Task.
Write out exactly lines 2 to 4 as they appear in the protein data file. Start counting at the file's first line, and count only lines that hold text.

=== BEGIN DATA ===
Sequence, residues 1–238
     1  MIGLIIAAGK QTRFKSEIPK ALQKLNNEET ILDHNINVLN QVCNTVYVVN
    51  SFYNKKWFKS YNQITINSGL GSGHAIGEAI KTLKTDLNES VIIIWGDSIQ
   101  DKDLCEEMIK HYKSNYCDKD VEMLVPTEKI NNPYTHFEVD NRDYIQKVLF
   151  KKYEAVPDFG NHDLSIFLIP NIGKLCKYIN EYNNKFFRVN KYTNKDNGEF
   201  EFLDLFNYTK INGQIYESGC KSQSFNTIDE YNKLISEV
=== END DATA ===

     1  MIGLIIAAGK QTRFKSEIPK ALQKLNNEET ILDHNINVLN QVCNTVYVVN
    51  SFYNKKWFKS YNQITINSGL GSGHAIGEAI KTLKTDLNES VIIIWGDSIQ
   101  DKDLCEEMIK HYKSNYCDKD VEMLVPTEKI NNPYTHFEVD NRDYIQKVLF